“At the minute everyone is looking at me as being highly-favoured to win it but I'm not looking at it like that, I'm just seeing it as another tough challenge. I've worked hard in camp and I know this guy wants what I have so you have to work hard and stay focussed.”

Tennyson is ranked nine, 11 and 14 with the WBO, IBF and WBA respectively and knows that the British title is a stepping stone to another world title challenge. His first ended in a weight-drained defeat against Tevin Farmer in Boston but he is much more settled at lightweight and fully confident of success on Saturday night in the grounds of Matchroom boss Eddie Hearn's London home.

“Get the win here and within a few fights I could be back knocking on the door for them big world title fights,” he said.

“So you can't leave any stone unturned at this stage of the game. We are very focussed and we know what's ahead of us. I feel far better at lightweight and it's actually mad the difference a couple of pounds is making.

“I am doing lightweight comfortably. I am still eating all my meals, drinking plenty of water and I'm full of energy. When I was doing featherweight and super-featherweight I was starting to struggle a couple of weeks before a fight because I had to start bringing the weight down and I was focussing on the weight rather than the fight.

“The move up has been unbelievable. I'm feeling very comfortable and very strong.”

TOP Rank chief Bob Arum expects “spectacular performances” from co-headline act Carl Frampton and Michael Conlan when the Belfast duo return to the ring at the BT Studios on August 15.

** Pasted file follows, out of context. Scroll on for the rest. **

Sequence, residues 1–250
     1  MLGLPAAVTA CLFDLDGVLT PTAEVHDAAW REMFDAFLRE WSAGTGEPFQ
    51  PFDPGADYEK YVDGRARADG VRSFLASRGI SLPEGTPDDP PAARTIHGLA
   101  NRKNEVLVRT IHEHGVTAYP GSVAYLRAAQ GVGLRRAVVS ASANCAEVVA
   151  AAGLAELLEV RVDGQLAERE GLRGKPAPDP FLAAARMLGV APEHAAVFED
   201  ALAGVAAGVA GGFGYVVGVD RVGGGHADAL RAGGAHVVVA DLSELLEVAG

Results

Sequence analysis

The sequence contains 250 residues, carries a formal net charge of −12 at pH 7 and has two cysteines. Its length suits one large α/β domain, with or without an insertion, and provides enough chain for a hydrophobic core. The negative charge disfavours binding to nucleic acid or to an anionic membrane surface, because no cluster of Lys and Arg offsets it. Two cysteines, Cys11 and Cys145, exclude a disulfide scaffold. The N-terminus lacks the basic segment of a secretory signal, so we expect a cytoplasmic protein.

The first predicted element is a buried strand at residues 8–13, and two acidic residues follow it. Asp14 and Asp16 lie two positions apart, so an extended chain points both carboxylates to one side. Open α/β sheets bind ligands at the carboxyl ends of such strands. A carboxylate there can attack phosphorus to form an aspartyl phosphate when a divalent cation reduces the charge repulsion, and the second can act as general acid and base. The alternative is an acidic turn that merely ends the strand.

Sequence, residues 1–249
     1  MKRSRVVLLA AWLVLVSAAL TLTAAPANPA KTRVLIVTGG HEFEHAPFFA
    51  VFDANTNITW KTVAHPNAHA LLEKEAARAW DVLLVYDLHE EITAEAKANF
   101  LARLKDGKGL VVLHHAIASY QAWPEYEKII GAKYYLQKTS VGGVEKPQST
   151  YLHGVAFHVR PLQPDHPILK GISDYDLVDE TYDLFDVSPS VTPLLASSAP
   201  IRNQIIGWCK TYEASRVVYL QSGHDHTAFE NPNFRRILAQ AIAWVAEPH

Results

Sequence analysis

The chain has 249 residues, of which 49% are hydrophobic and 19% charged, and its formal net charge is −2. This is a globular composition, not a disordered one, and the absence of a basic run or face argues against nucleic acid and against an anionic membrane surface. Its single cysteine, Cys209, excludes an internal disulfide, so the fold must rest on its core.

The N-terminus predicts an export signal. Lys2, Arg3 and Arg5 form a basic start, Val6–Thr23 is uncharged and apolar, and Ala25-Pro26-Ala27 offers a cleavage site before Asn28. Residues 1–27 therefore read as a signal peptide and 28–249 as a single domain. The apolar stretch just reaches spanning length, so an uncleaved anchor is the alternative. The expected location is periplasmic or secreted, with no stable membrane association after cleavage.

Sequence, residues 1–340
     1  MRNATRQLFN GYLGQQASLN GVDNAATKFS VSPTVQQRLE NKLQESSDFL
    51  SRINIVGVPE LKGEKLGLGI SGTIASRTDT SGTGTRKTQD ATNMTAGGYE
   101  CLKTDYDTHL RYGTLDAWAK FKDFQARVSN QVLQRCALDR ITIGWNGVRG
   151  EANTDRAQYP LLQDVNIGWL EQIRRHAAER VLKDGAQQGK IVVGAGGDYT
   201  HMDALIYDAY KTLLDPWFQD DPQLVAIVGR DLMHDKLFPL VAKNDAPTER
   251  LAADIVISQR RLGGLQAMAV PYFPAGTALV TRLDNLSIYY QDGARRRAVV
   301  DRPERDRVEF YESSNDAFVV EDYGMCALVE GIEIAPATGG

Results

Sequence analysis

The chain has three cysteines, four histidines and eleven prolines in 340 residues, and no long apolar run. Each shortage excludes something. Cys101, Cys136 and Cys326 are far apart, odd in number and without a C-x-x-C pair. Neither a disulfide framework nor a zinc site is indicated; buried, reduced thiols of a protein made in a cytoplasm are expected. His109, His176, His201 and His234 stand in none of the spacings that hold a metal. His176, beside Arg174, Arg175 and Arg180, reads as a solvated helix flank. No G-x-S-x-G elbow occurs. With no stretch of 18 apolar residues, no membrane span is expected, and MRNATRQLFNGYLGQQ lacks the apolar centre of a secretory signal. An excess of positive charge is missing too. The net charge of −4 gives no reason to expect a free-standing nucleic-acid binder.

Frampton (27-2) meets Armenian Vahram Vardanyan (21-1-1) while Conlan (13-0) takes on former European champion and recent world title challenger Sofiane Takoucht (35-4-1).

Both have their sights set on world title shots and while Frampton's opponent is an unknown who has been plucked out of small hall shows in Latvia, he has a winning record and, will see this as opportunity knocking. At this stage of his career, ‘the Jackal' simply needs a fight – and a win - to keep him busy for the one he wants, the already postponed showdown with WBO super-featherweight king Jamel Herring.

“What a tremendous opportunity for fight fans to see Mick and Carl fight on the same card,” said boxing doyen Arum.

"Carl and Mick are closing in on world title opportunities, and I expect spectacular performances from both men.”

Frampton's only fight last year was a 10-round decision win over previously undefeated Tyler McCreary last November in Las Vegas. Vardanyan has won six in-a-row since the lone defeat of his career and Frampton must win to give himself the chance to make history by beating Herring and becoming Ireland's first three-weight world champion.

“This is a fight that keeps me busy and keeps me active,” he said.

“Hopefully, I get the win here, and then we can have the Herring fight for the world title later this year or in early 2021.”

Meanwhile, Josh Warrington made short work of Conlan opponent Takoucht last year, stopping the Frenchman inside two rounds and Conlan expects to do the same on August 15.

"I'm delighted to be back boxing again,” said Conlan.

“I haven't stopped training throughout lockdown, so I'm coming in prepared, and I expect to put on a big performance. I'm interested to see how it will be fighting in front of no fans, but I've done it before in the amateurs, so experiencing that again is something I'm looking forward to.”